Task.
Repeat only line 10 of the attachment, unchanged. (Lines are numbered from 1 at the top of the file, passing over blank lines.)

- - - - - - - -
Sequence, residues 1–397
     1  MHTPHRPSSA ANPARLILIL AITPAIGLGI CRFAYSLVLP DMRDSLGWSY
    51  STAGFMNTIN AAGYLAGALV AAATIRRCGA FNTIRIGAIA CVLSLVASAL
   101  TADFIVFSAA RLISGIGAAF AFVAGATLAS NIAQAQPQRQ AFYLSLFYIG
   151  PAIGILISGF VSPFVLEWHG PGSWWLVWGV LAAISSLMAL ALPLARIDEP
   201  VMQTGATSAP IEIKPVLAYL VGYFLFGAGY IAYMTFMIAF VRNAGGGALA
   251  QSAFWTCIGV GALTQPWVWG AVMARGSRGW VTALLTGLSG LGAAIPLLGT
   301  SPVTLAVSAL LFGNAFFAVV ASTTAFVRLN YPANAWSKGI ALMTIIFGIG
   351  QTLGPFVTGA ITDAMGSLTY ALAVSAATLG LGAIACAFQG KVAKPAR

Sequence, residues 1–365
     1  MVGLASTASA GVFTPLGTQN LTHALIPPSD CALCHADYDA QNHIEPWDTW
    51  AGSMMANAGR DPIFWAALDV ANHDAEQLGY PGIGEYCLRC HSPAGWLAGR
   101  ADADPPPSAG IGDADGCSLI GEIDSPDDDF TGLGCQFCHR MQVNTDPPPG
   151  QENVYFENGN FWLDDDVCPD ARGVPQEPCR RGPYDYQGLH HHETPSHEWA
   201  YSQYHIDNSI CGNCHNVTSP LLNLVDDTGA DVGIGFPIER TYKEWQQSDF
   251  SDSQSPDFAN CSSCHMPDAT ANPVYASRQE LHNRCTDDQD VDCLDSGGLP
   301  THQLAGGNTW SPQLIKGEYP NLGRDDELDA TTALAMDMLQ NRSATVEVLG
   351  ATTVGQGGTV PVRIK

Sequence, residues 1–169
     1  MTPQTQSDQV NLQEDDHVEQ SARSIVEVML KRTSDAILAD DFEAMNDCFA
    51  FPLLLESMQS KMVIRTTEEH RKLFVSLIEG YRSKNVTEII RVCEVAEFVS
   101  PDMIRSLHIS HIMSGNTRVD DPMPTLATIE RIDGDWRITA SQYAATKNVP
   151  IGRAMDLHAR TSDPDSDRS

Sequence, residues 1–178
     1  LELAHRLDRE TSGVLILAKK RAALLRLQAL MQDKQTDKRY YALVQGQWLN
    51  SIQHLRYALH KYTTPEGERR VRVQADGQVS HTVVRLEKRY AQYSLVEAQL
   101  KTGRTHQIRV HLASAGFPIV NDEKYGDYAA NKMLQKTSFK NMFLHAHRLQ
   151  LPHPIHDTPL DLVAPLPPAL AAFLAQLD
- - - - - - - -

Sequence, residues 1–365